Thursday, April 29, 2010

How to Really Screw Things Up at Work

Phil: I believe all religions contain truth, and therefore any religion followed well is good.
Jim: I believe salvation can be found through Christ alone.
Phil: Isn't it just great that we believe things?!
Jim:... err.. I, uh,
Phil: Well, I gotta get back to work!

A friend of mine had a conversation very similar to this. When words like belief and truth have been taken from their original Christian meanings we are often at a loss when trying to communicate the truth of the gospel. How can Phil believe "A" and Jim, "not-A" and everything be hunky-dory? Yet, so often we come across people who don't understand that belief and truth is not something soft you can put on like a sweater, but rather it is a rock that you will either build upon or be crushed against.

A Quick Primer on Truth

The Medievals said that truth was the extent to which a description matched its objective reality. So, when I say that I am typing on a black laptop, anyone who could see me now would see that this description matches the objective reality of my body actually sitting and typing on the black laptop.  This is true. If I said I was typing on a purple laptop there is no way in which we could make this mesh with the physical reality. This would be untrue.

No one, not even Phil, would disagree with the above paragraph. They can hold on to this description of truth and yet simultaneously hold that anything personal does not require a physical reality. Restated: 'The laptop is black' and 'the buddha is good' are believed by many to be two different kinds of truth. The first one requires a corresponding physical reality and the second does not. In fact, the second statement only requires a feeling or an internal disposition to validate it.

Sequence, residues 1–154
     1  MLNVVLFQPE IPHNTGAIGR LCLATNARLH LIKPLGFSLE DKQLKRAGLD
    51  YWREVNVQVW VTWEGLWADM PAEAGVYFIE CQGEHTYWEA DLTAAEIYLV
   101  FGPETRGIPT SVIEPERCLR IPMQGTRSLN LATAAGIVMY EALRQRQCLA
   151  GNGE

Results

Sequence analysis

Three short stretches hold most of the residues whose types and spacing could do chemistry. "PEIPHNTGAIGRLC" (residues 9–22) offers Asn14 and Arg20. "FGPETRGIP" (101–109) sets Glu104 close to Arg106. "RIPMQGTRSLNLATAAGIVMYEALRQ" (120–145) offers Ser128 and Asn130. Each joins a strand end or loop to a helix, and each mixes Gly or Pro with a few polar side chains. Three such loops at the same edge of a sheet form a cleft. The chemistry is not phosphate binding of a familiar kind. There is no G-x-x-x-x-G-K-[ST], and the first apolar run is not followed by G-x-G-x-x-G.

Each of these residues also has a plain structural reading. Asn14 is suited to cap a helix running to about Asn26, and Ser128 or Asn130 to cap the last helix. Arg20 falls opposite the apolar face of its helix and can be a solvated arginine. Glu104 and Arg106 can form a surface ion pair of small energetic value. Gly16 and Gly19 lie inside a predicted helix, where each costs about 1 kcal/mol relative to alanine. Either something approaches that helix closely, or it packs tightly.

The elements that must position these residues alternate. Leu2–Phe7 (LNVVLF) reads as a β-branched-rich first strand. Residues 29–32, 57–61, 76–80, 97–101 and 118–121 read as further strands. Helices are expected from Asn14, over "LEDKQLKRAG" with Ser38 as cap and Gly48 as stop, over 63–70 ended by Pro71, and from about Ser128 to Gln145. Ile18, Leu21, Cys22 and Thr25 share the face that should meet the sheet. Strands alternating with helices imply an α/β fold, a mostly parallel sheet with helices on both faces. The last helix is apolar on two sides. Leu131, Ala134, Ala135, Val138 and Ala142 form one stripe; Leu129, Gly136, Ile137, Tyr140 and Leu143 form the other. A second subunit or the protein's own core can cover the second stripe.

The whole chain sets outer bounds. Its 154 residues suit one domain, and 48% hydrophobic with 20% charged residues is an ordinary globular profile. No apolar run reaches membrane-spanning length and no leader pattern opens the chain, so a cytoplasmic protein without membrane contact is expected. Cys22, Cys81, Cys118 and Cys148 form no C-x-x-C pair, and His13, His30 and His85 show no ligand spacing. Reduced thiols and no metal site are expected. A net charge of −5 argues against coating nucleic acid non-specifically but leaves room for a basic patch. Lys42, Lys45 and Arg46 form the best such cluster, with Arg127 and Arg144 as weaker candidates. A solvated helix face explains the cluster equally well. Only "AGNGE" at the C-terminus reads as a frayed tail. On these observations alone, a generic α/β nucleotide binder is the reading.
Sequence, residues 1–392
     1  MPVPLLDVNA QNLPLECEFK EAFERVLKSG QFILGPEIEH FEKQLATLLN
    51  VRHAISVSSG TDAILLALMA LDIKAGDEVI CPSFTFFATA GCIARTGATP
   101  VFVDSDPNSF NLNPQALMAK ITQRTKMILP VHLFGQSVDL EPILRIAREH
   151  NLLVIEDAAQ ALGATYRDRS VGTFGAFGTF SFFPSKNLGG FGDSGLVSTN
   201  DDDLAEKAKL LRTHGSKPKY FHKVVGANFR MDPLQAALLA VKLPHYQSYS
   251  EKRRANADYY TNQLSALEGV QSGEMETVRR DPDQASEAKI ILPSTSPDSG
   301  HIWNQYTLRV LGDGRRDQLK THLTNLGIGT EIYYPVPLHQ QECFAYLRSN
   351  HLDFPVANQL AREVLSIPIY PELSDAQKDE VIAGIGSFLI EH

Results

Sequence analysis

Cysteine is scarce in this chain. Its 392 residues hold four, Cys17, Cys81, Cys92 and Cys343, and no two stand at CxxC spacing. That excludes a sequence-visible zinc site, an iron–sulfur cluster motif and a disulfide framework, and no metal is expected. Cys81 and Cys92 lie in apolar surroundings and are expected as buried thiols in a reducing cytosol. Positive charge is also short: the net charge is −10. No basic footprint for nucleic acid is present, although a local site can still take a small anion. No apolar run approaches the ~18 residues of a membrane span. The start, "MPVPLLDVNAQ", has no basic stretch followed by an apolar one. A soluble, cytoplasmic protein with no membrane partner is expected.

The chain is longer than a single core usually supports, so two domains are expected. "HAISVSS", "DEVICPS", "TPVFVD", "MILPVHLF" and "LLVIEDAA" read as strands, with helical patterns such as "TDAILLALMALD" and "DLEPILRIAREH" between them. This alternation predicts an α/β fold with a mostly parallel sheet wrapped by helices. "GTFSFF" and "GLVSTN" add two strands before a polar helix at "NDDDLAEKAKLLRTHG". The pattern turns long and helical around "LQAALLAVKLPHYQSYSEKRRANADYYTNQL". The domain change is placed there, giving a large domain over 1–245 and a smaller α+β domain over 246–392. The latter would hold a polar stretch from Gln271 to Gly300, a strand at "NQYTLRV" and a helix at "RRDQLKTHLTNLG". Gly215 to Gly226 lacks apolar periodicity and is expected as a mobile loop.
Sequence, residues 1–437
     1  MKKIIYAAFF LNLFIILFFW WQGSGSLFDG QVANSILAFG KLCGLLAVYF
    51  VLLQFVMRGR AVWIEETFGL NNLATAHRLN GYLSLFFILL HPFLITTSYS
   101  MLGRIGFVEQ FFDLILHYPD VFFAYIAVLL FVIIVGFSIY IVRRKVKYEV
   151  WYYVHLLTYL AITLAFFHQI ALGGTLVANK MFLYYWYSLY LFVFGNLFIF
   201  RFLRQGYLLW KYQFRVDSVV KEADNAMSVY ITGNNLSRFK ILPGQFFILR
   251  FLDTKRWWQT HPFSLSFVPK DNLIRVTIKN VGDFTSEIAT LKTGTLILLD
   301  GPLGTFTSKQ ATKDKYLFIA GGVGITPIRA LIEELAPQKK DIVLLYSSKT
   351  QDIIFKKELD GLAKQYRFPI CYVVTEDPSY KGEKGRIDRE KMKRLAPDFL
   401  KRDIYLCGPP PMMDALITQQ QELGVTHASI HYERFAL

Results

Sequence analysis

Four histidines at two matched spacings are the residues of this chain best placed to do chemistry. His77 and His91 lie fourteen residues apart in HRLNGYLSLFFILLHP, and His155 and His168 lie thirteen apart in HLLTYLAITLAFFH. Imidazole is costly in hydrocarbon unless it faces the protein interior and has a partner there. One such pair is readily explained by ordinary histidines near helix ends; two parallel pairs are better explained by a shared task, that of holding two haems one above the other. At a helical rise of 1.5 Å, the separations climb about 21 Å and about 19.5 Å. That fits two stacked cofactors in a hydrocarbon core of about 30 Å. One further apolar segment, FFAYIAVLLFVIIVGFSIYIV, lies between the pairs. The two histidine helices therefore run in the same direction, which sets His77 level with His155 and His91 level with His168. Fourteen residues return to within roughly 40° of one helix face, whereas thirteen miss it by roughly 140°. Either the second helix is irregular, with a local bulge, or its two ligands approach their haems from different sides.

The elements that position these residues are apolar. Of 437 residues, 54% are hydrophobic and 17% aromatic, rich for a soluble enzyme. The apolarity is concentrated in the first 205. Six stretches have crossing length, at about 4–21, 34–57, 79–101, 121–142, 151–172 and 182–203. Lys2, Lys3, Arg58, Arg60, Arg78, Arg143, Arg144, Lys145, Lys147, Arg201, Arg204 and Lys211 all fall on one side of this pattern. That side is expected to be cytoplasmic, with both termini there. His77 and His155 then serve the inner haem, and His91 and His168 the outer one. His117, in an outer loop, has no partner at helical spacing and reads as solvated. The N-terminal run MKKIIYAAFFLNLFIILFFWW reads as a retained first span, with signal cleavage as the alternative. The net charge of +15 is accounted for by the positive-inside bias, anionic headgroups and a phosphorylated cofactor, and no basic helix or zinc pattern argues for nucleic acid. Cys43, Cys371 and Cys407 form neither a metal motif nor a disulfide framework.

Christianity requires a corresponding objective reality to all truth-claims.

To prove this rather outrageous claim (according the the world at large) I will cite the following passages: Gen. 1, and John 1:1-5.

Genesis states that creation was spoken into existense. God spoke "let there be light." and there was. John says that there was the pre-existent Word of God that created all things. This Word is then shown to be Jesus. Later, Jesus says that those that have seen him have seen the Father, and again he is the Truth. Not that he speaks truthfully, although he does, but he is the embodiement of truth.

Our definition of truth is God. Our definition of Beauty is God. Our definition of Perfect is God. All of these abstracts that the post-modern likes to base in his or her own subjective opinion (those "truths" that lack an objective reality) are intended to be placed in the objective person and character of God.

When we speak of belief and truth we need to ensure that we define our terms. I find it is easier to do this with an actual text of scripture sitting there on the table. When your coworker says "all roads lead to heaven," you can point him to the passage where Jesus says "I am the way, the truth, and the life. No man comes to the father but by me." Unlike sharing your "beliefs," which is so typical of the squishy share-athon that is our modern public discourse, texts are difficult to push around.

So live your day in the light of the objective truth of Jesus Christ. Remember you are not free to base your reality in your subjective personally experience. Our reality, our truth rests in the objective person of Jesus and his disclosure of the Father.


  1. While I agree with what you are saying, I think that the slippery slope into postmodernism may begin with the contrast between "objectivity" and "subjectivity". In a postmodern, emotional and feeling centered world, these terms seem to have emotional implications: objectivity is cold and unfeeling, while subjectivity is passionate and biased.

    The perennially bored postmodern wishes for "authenticity", which seems to mean a feeling of truthiness (any fake felt to be true). It is therefore necessarily something subjective that he seeks.

    Schaeffer in his books in the 1960s talked about True truth to describe what you call objectivity. Given the potentially misleading emotional baggage of objectivity, perhaps true truth is a better way of describing it.

  2. Thanks for that. I'll have to look that up. It's difficult, because I don't want to cede "truth" to those that would like to wring it of all meaning, at the same time there must be a way to flag or highlight that when I use "truth" I don't mean the same thing you may mean.